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Dynamic Chiropractic – March 25, 2004, Vol. 22, Issue 07

Who Represents the Mainstream of Chiropractic?

By James Edwards, DC
Dr. Edwards' articles, a "Talk Back" forum and a brief biography of the author are available online at

After reviewing every official position of the ACA and ICA, I authored an article titled "The Four Biggest Lies in Chiropractic," published in the Dec. 1, 1999 Dynamic Chiropractic. In that article, I discussed the official policies of these associations and how they are essentially identical with regard to:

  1. chiropractic being a separate and distinct health care discipline;
  2. mandatory vaccinations;
  3. the subluxation complex; and
  4. that drugs and surgery should not be part of chiropractic practice.

I still receive compliments on the article, and the ACA subsequently made it into a reprint brochure; however, I still ask:

What's happened in the last four-plus years? Have the policies of the ACA and ICA on these important issues become increasingly similar, or do they now conflict with each other? And has the ACA wavered in its stance on these important issues? The answer is clear - the official positions of the ACA and ICA on the aforementioned issues remain exactly the same, and the ACA has not taken a single step backward!

Not only has the ACA maintained its conservative position on these issues, it has gone much further in its protection and representation of "mainstream" chiropractic.

Here's a brief update of what has happened since that 1999 article was published:

In September 2000, the full ACA House of Delegates (HOD) unanimously adopted the following resolution:

"The House of Delegates reaffirms the core principle of the subluxation. The ACA will strive to reiterate this principle and further state that the core treatment of chiropractic is manual manipulation/adjustment of the articulations, both spinal and extra-spinal, to reduce subluxations, when called upon in relation to federal legislative efforts, in addition to full scope of practice as allowed by state law. References to subluxation and chiropractic adjustments/manipulation should be made in ACA releases, whenever possible." (Emphasis added)

Even the casual reader will have to admit that there's not a lot of "wiggle room" in that official position! The ACA HOD not only went on record that subluxation care is the "core principle" of our profession, it also made it very clear that it wants references to subluxation to be included in all federal legislation. At that same 2000 annual meeting, it went further by adopting an additional resolution that recommended against the use of the phrase "chiropractic medicine."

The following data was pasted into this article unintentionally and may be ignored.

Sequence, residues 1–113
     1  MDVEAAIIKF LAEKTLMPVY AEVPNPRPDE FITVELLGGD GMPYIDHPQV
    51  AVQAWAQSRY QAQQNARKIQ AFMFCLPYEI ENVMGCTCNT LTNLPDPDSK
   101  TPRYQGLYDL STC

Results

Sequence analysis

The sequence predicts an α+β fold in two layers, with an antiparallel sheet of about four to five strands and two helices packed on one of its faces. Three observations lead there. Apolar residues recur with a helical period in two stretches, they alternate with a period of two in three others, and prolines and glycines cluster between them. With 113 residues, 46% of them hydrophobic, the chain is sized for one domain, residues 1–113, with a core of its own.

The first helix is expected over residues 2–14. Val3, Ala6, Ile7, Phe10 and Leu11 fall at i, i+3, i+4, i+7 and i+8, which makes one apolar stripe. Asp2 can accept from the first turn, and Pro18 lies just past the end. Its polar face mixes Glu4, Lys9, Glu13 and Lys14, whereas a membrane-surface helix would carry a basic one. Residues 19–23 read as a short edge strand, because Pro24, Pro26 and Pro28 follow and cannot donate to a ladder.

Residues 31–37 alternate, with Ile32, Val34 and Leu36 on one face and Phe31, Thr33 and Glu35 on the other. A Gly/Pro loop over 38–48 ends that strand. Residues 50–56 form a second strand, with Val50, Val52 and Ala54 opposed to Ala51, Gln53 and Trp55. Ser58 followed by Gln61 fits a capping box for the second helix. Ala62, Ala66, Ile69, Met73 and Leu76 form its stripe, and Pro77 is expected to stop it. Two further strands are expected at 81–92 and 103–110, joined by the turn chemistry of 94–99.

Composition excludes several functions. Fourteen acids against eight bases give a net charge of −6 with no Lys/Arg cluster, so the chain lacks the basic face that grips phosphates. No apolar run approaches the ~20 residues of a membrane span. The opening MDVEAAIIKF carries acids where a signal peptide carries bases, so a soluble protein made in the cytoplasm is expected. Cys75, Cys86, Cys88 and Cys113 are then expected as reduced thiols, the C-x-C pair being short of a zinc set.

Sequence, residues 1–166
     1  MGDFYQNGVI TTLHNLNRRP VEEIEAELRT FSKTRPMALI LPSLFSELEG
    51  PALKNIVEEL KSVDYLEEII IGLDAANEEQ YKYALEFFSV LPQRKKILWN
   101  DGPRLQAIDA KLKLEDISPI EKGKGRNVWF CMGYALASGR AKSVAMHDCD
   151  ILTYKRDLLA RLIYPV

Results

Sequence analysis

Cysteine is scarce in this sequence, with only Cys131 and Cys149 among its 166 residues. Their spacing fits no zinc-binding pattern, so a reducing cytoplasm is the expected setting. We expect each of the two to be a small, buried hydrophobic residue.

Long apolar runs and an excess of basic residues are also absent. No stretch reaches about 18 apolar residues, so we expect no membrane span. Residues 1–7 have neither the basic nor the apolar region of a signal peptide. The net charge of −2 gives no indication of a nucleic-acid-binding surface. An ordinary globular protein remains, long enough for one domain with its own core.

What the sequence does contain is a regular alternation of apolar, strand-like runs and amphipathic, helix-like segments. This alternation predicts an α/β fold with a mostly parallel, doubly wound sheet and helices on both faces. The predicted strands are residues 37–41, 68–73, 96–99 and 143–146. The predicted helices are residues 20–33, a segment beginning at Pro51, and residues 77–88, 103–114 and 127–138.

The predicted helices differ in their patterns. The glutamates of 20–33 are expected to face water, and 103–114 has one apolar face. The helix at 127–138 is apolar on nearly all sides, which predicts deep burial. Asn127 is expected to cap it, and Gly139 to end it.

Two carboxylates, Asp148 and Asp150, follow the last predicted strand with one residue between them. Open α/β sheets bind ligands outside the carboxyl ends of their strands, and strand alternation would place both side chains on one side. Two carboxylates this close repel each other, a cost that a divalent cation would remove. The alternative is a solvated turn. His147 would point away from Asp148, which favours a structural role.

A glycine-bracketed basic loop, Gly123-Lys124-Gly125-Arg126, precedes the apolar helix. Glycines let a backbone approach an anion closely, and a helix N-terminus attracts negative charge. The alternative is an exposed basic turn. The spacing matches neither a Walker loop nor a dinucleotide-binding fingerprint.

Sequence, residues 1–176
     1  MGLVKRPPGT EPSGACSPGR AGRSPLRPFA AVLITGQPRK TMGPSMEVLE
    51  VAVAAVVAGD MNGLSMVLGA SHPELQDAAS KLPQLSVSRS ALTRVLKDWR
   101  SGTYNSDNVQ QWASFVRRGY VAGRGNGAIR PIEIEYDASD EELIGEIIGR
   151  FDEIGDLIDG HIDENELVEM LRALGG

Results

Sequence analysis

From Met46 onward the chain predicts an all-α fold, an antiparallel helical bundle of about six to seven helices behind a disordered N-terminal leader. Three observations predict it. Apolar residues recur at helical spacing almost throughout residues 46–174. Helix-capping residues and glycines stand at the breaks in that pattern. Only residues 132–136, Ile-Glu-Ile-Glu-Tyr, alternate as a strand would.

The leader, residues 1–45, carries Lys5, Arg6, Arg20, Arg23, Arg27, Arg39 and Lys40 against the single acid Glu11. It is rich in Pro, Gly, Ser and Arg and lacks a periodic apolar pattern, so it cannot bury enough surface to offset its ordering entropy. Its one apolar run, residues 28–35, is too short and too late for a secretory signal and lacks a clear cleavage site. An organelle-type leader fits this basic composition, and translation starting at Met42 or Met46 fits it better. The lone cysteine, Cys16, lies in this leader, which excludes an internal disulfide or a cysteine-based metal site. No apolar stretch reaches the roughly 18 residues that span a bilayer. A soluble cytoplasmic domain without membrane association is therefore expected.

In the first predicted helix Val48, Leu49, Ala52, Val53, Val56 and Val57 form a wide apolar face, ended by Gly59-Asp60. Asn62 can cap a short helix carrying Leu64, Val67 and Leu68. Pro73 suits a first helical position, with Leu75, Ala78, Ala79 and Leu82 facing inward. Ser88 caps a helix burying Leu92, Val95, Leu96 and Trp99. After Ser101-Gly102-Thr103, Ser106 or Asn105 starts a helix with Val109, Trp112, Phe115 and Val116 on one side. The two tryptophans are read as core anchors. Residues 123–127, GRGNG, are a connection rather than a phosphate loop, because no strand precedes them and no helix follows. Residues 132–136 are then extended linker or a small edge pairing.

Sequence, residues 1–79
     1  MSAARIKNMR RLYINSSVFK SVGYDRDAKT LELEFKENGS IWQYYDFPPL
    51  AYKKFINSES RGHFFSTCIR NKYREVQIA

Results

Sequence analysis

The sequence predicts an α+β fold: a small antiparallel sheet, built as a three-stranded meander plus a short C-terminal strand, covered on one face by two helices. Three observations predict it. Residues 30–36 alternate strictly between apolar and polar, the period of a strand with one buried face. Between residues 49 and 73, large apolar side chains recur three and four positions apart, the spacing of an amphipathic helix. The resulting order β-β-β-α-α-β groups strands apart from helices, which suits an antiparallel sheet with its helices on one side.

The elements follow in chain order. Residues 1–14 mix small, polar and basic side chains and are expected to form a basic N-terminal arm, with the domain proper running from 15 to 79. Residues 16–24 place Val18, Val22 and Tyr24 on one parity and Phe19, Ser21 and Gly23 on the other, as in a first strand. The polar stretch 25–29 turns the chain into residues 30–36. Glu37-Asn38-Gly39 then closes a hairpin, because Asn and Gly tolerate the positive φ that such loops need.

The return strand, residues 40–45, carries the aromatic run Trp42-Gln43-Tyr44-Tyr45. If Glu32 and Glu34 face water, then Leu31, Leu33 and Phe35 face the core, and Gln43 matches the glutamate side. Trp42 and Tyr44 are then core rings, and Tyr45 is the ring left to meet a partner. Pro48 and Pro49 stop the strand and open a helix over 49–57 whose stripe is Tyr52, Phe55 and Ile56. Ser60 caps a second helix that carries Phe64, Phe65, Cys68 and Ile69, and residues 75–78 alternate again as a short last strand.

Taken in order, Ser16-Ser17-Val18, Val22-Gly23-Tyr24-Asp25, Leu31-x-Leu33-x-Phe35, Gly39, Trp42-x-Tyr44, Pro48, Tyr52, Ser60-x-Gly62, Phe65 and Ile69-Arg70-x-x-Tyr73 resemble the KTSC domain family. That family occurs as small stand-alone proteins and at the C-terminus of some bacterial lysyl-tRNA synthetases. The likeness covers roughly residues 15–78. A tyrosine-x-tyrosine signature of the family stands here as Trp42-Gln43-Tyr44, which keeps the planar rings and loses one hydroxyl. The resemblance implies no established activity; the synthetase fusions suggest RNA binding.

But wait, there's more - the ACA officially endorsed the ACC Paradigm that defines the subluxation as follows:

Chiropractic is concerned with the preservation and restoration of health, and focuses particular attention on the subluxation. A subluxation is a complex of functional and/or structural and/or pathological articular changes that compromise neural integrity and may influence organ system function and general health. A subluxation is evaluated, diagnosed, and managed through the use of chiropractic procedures based on the best available rational and empirical evidence. (Emphasis added)

Even with those strong official policies, some have accused the ACA of being unwilling to include the word "subluxation" in federal legislation. I can assure you that there is no truth to that allegation, and here's the proof. The phrase "subluxation complex" was included in the veteran's bill (that became law) only because past ACA Chairman Kerwin Winkler, DC, went to then-Senate Majority Leader Tom Daschle and asked him to assist in getting the phrase added to the bill. No matter how many want to claim credit for the inclusion of the subluxation language, it happened only because the ACA used its political clout and made it happen. Actions speak louder than words, and that action speaks volumes about where the ACA stands on the subluxation issue!

When it comes to "putting your money where your mouth is" and actually taking action to protect the subluxation, the ACA is the only national membership organization in the profession that can make that claim. It was the ACA that filed a federal lawsuit against the Department of Health and Human Services so physical therapists and MDs would not be allowed to provide subluxation care under Medicare, and it is the ACA that has worked around the clock to raise over $6 million to legally ensure that only DCs are authorized to provide subluxation care. Again, actions speak louder than words.

The record is so clear! From subluxation being the core of chiropractic; to chiropractic remaining separate and distinct; to opposing drugs, surgery, mandatory vaccinations and the term "chiropractic medicine"; to fighting the federal government so medical providers cannot provide subluxation care - the ACA continues to admirably represent the "mainstream" of the chiropractic profession!

(Author's note: The opinions expressed in this article are solely those of the author and do not necessarily represent the opinions, policies or positions of the American Chiropractic Association.)

James Edwards, DC
Treasurer and District VI Governor
American Chiropractic Association
Austin, Texas

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